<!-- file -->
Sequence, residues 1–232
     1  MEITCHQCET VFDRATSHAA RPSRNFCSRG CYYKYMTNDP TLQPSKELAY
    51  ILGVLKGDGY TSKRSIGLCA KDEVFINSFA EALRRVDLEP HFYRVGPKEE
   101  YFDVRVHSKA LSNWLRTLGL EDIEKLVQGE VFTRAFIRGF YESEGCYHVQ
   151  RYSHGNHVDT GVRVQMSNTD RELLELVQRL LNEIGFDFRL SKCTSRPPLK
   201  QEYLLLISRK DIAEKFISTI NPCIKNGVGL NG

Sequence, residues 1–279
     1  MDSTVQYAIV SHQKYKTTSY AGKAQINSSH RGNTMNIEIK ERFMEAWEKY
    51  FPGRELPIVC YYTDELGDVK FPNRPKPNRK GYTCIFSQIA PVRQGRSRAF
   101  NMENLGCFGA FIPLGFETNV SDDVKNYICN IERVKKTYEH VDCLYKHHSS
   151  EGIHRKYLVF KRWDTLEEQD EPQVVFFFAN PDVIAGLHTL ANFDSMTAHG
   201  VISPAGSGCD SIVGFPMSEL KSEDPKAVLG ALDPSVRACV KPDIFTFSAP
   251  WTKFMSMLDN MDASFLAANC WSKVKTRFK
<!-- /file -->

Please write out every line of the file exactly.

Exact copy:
Sequence, residues 1–232
     1  MEITCHQCET VFDRATSHAA RPSRNFCSRG CYYKYMTNDP TLQPSKELAY
    51  ILGVLKGDGY TSKRSIGLCA KDEVFINSFA EALRRVDLEP HFYRVGPKEE
   101  YFDVRVHSKA LSNWLRTLGL EDIEKLVQGE VFTRAFIRGF YESEGCYHVQ
   151  RYSHGNHVDT GVRVQMSNTD RELLELVQRL LNEIGFDFRL SKCTSRPPLK
   201  QEYLLLISRK DIAEKFISTI NPCIKNGVGL NG

Sequence, residues 1–279
     1  MDSTVQYAIV SHQKYKTTSY AGKAQINSSH RGNTMNIEIK ERFMEAWEKY
    51  FPGRELPIVC YYTDELGDVK FPNRPKPNRK GYTCIFSQIA PVRQGRSRAF
   101  NMENLGCFGA FIPLGFETNV SDDVKNYICN IERVKKTYEH VDCLYKHHSS
   151  EGIHRKYLVF KRWDTLEEQD EPQVVFFFAN PDVIAGLHTL ANFDSMTAHG
   201  VISPAGSGCD SIVGFPMSEL KSEDPKAVLG ALDPSVRACV KPDIFTFSAP
   251  WTKFMSMLDN MDASFLAANC WSKVKTRFK